Bacterial recognition in the lepidopteran insect, Manduca sexta, is mediated by pattern recognition proteins including Hemolin, Peptidoglycan recognition protein (PGRP) and Immulectin-2. These proteins bind to molecular patterns present on the surface of bacteria and trigger a protective response involving humoral and cellular reactions. Cellular mechanisms mediated by haemocytes include phagocytosis, encapsulation, and the formation of melanotic nodules. Here, we show that a non-pathogenic strain of Escherichia coli induces mRNA transcription and protein expression of Hemolin and PGRP but not Immulectin-2 in Manduca haemocytes. This upregulation can be effectively prevented (knocked-down) using RNA interference (RNAi) following injection of double-stranded (ds) RNA. Knock-down of Hemolin significantly decreased the ability of insects to clear E. coli from the haemolymph and caused a reduction in the number of free haemocytes. RNAi of Hemolin reduced the ability of haemocytes to engulf bacteria through phagocytosis and to form melanotic nodules in vivo. Importantly, washed haemocytes taken from RNAi-treated insects showed reduced ability to form microaggregates around bacteria in vitro. This shows that the immune function affected by RNAi knock-down of Hemolin is intrinsic to the haemocytes. In contrast, RNAi of PGRP had no effect on any of these cellular immune functions. These results demonstrate the vital role of Hemolin in Manduca cellular immune responses.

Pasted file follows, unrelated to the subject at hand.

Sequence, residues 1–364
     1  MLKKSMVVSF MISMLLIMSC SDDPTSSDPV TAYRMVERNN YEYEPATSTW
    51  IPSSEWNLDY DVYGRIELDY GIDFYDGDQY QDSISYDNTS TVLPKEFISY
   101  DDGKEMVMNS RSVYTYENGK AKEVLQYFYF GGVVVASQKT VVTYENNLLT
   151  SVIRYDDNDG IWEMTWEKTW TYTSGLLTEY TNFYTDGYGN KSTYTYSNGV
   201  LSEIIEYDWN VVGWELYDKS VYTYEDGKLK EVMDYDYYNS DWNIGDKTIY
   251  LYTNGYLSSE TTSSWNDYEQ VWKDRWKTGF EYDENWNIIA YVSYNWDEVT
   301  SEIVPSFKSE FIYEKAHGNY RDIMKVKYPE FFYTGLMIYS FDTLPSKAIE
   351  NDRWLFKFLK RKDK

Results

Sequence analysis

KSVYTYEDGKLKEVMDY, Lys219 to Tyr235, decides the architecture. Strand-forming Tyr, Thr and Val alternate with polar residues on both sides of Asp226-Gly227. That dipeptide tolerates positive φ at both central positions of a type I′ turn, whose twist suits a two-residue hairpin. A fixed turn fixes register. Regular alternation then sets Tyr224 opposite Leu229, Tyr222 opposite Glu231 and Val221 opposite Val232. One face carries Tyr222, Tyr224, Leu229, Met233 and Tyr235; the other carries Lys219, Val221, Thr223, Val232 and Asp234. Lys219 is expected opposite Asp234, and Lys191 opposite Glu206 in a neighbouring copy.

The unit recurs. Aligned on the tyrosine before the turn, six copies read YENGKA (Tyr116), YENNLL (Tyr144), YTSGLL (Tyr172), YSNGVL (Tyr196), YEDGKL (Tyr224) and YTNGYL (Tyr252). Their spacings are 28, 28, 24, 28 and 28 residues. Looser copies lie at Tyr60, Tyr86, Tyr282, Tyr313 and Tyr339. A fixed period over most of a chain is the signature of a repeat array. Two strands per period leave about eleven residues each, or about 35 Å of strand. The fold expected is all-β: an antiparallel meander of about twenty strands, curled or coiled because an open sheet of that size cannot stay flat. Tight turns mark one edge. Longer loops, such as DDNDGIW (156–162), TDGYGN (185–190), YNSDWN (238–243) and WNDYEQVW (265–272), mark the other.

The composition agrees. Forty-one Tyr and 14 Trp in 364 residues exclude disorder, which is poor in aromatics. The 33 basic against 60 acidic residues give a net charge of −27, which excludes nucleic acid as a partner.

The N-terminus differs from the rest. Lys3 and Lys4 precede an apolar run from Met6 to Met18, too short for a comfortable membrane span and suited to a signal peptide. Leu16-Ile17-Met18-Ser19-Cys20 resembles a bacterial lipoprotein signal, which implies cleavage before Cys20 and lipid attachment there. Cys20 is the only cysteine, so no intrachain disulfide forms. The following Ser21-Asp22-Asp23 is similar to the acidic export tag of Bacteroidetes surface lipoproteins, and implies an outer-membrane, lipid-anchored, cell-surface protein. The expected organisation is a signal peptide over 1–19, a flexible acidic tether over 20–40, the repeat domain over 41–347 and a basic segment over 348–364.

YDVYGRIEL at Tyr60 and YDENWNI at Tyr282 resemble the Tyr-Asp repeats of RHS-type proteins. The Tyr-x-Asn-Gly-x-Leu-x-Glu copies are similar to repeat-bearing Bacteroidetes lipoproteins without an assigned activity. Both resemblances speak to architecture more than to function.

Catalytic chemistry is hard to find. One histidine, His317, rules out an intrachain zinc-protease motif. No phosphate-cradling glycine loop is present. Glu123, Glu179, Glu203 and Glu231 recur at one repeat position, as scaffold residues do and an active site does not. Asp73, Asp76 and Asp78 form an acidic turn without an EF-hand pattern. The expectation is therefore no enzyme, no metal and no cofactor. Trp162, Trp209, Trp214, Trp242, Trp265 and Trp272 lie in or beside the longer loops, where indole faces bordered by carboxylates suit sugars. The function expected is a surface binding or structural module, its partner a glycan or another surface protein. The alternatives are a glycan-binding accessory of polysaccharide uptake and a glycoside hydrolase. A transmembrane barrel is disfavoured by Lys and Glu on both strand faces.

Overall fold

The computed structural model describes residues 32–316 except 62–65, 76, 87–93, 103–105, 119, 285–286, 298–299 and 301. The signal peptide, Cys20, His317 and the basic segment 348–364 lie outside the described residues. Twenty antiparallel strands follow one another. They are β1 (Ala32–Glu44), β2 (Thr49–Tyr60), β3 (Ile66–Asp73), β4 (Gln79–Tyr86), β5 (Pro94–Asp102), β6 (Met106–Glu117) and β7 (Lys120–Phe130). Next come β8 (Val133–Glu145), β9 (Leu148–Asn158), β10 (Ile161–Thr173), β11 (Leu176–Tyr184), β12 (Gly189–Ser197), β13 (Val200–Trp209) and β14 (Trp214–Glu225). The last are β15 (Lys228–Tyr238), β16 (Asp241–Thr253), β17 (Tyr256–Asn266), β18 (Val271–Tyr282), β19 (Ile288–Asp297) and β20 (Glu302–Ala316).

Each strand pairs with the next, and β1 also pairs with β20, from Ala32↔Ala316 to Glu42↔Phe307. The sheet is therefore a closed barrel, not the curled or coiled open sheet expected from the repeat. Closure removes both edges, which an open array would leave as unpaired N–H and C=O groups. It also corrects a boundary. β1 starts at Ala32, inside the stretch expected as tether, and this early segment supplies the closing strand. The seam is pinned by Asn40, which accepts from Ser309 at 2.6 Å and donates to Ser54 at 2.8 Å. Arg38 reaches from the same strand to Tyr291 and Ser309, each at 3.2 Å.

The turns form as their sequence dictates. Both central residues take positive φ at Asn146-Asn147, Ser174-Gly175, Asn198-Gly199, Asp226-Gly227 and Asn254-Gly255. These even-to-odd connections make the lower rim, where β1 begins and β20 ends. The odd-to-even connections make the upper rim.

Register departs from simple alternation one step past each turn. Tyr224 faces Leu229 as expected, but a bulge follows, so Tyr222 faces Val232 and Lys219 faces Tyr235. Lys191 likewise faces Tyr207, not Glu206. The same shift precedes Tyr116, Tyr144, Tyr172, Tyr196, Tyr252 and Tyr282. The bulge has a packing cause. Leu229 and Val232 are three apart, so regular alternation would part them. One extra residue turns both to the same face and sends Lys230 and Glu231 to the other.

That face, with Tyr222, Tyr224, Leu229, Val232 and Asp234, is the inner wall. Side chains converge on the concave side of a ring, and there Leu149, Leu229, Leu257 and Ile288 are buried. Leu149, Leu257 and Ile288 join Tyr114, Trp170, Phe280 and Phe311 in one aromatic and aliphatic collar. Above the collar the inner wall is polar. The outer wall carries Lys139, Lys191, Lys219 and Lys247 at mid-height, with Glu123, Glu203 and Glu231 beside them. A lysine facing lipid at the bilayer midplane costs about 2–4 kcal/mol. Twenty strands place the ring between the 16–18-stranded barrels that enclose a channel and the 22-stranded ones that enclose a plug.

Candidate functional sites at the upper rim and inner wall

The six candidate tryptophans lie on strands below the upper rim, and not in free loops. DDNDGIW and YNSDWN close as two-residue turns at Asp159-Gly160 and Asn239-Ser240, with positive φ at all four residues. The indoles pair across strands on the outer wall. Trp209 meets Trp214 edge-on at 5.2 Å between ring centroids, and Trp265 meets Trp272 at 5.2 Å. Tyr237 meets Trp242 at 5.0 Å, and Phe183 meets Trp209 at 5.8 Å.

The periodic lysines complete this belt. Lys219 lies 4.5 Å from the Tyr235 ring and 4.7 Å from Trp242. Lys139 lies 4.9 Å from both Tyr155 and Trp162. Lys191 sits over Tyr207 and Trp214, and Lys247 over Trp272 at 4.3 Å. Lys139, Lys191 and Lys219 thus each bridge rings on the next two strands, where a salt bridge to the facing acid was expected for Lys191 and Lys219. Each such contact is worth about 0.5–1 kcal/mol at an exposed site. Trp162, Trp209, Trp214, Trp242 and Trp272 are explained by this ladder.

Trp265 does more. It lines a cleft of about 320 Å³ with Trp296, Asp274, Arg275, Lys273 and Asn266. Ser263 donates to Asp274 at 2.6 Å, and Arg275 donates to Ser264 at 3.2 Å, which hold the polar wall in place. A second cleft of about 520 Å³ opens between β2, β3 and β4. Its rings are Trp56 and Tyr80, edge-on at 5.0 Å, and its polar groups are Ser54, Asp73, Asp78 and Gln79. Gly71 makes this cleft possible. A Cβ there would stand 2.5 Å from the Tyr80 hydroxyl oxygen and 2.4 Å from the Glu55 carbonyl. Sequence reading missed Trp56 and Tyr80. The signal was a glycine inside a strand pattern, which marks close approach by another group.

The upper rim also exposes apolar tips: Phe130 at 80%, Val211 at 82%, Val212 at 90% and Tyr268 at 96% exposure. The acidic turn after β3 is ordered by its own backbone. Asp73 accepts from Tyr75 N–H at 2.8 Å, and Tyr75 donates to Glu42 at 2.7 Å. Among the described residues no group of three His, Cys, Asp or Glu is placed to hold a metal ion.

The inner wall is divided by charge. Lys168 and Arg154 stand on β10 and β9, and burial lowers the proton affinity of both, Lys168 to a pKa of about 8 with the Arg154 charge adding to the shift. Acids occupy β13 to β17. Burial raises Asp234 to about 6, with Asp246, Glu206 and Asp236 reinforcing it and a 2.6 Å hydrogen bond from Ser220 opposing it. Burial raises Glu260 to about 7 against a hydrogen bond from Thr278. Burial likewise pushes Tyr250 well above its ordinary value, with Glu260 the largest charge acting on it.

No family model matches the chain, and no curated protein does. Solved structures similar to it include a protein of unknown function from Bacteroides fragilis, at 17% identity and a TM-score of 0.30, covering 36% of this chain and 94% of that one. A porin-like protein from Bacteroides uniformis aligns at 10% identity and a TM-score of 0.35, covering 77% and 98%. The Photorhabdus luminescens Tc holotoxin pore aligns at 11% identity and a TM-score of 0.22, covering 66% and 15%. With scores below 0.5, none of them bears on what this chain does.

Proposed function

Szenthe, B., Patthy, A., Gáspári, Z., Kékesi, A.K., Gráf, L., Pál, G.

When the surface tells what lies beneath: combinatorial phage-display mutagenesis reveals complex networks of surface-core interactions in the pacifastin protease inhibitor family.

J Mol Biol. 2007 Jun 29;370(1):63-79

J Mol Biol. 2007 Jun 29;370(1):63-79

Pacifastin protease inhibitors are small cysteine-rich motifs of approximately 35 residues that were discovered in arthropods. The family is divided into two related groups on the basis of the composition of their minimalist inner core. In group I, the core is governed by a Lys10-Trp26 interaction, while in group II it is organized around Phe10. Group I inhibitors exhibit intriguing taxon specificity: potent arthropod-trypsin inhibitors from this group are almost inactive against vertebrate enzymes. The group I member SGPI-1 and the group II member SGPI-2 are extensively studied inhibitors. SGPI-1 is taxon-selective, while SGPI-2 is not. Individual mutations failed to explain the causes underlying this difference. We deciphered this phenomenon using comprehensive combinatorial mutagenesis and phage display. We produced a complete chimeric SGPI-1 / SGPI-2 inhibitor-phage library, in which the two sequences were shuffled at the highest possible resolution of individual residues. The library was selected for binding to bovine trypsin and crayfish trypsin. Sequence analysis of the selectants revealed that taxon specificity is due to an intra-molecular functional coupling between a surface loop and the Lys10-Trp26 core. Five SGPI-2 surface residues transplanted into SGPI-1 resulted in a variant that retained the "taxon-specific" core, but potently inhibited both vertebrate and arthropod enzymes. An additional rational point mutation resulted in a picomolar inhibitor of both trypsins. Our results challenge the generally accepted view that surface residues are the exclusive source of selectivity for canonical inhibitors. Moreover, we provide important insights into general principles underlying the structure-function properties of small disulfide-rich polypeptides, molecules that exist at the borderline between peptides and proteins.